If you want to brave ‘Rhinegold’ it runs until this Saturday, 30 June. Tickets are only £9 so it’s no great loss if you don’t find yourself particularly inspired on your visit, although ardent fans of Wagner might want to give this one a rather wide berth! I hope shows with the quality of the lovely ‘If What I Hear Is True’ (which opened the 2012 season at the theatre) feature on The Yard’s bill again soon – now that was a night to remember, rather than one to forget……

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Shoreditch Street Art Tours Goes Off-Piste @ Hackney WickED

Last weekend saw the very welcome return of Hackney WickED, the annual weekend long arts festival that turns the normally quiet streets of the Wick and Fish Island into bustling thoroughfares, worthy of Oxford Street on a Saturday afternoon!

Although the major draw to the area for most visitors was the opportunity to visit the artists’ studios, perhaps snapping up some bargain-priced artwork, or checking out the live music, craft fair and food in Queens Yard, I had a different purpose for visiting…

I was on my way to the auditorium of the Yard Theatre for an hour-long talk by Dave from Shoreditch Street Art Tours on how best to capture street art, followed by a two hour walk around the area to put what we’d learned into practice. Now I’m no novice when it comes to photography but you never stop discovering new techniques and ideas, and I was surprised at how little I really knew about snapping this particular form of public art in an effective and compelling way…

After the talk (more on some of the salient points that came up in a moment) it was time for us to undertake our circuitous route of Hackney Wick. Maneuvering around the growing crowds we saw the bright new coating that the abandoned Lord Napier pub has received in the last few days, and a few other brand new pieces of street art. Apparently just prior to the start of Hackney WickED several of the locally-based artists had been out painting, spraying and pasting up their work. I was quite awed by the fact that were were very probably the first group to subject these pieces to close examination, and to capture them for posterity…

Now in terms of photographic techniques, I won’t spoil the surprise (or indeed deprive Dave of revenue) by telling you everything that I discovered, but I will pass on two key points that you should bear in mind when photographing street art. Firstly, it’s important to put it into context i.e. to demonstrate how it interacts with its surroundings, or indeed to show how people react to it. Secondly, when you’re bored with capturing a piece of street art straight on (which is a bit like photographing a painting – a rather uninspiring thing to do IMHO) you could think about abstracting the image in some way. The most obvious, but by no means only, way to do this is to use reflective surfaces to distort the image – perhaps capturing the art in a puddle, across a canal or indeed in a car wing mirror, as we attempted to do on Sunday afternoon!

Below you’ll see some of the photographs that I took on Sunday – hopefully they show that I managed to retain some of the advice that I received earlier in the day. If you’re interested in spending a morning, an afternoon or indeed an evening on one the Shoreditch Street Art Tours yourself, you’ll find the dedicated page here – …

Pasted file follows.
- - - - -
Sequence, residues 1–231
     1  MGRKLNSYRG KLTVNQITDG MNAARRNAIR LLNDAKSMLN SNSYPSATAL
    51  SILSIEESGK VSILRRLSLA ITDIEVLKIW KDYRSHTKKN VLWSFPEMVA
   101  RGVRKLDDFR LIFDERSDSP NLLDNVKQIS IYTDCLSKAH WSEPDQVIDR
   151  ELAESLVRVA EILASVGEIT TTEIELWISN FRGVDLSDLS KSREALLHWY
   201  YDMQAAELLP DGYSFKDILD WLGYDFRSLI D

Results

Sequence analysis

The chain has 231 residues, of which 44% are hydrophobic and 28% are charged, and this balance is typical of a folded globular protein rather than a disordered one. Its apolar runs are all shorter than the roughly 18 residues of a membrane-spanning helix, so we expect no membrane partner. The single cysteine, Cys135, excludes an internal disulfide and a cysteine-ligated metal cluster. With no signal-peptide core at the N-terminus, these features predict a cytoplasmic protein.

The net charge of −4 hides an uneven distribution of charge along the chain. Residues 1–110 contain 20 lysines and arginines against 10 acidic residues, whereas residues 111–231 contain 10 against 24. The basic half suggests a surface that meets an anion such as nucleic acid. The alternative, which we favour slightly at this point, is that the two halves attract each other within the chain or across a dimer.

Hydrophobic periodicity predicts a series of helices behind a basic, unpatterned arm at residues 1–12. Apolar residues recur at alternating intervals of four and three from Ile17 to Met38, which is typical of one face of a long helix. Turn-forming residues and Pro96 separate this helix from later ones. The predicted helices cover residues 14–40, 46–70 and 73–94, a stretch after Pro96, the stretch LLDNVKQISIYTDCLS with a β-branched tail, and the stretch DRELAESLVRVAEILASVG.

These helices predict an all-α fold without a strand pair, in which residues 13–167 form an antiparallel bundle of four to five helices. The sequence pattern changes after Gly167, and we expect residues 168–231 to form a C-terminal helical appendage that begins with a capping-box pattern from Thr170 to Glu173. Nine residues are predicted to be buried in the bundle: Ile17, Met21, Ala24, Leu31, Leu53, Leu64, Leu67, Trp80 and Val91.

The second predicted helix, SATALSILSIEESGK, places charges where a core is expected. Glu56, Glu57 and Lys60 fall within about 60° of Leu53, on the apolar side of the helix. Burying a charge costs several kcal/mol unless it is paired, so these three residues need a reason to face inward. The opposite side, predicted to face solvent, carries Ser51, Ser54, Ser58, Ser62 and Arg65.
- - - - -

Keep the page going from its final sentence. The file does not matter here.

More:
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Londoneer: What’s Behind The Marble Arch?

I’m sure that most tourists who have visited London have taken the opportunity to go and see the Marble Arch, which sits at the end of Oxford St in London’s West End, next to Hyde Park. I imagine that most of them assume that it is just another of London’s war memorials (similar to the Arc De Triomphe in Paris), but its history is actually a lot more complex than it at first appears.

In actual fact, it’s not where it should be. It was initially designed as the gateway to the newly rebuilt Buckingham Palace by John Nash in 1828, so at that time it sat on The Mall, in approximately the same position as the large monument to Queen Victoria which now sits in front of the building. When further changes were made to the Palace in 1855 which added a fourth side facing out onto the Mall (in front of which you’ll regularly see the Changing of the Guard these days) it was moved piece by piece over to its present position. Of course it also gives its name to the local tube station which, if it had never been re-sited, would probably have been called Cumberland Gate station, or perhaps Edgware Road South?…

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The Mystery Of The ‘London Stone’

Almost down at ground level along London’s Cannon St you’ll find the ‘London Stone’.

Virtually invisible behind it’s heavy iron grill, this piece of oolitic limestone sometimes known as the ‘Stone of Brutus’ has various tales attached to it – some say that it is all that remains of a neolithic stone circle and some, rather more romantically, insist that it is the stone from which King Arthur drew his sword Excalibur. What all the stories agree on however is that if it is ever removed from the City of London, London will fall…

 

Up until fairly recently you could get a much better look at it, as the shop which currently has a  ‘To Let’ sign was a sports outlet and from the interior the stone is only protected by one sheet of plate glass. This site was due to be redeveloped but that seems to have stalled, which is a shame because they were planning to move it just across the street to form the centrepiece of a new building, where it would have been in a much more prominent position. This proposal caused some consternation amongst conservation groups, however the reality is that the ‘London Stone’, or ‘Stone of Brutus’, has been moved several times in the past – the first recorded instance being in 1742 when it was moved from the centre of the road to stand next to St Swithun’s Church, which has since been demolished.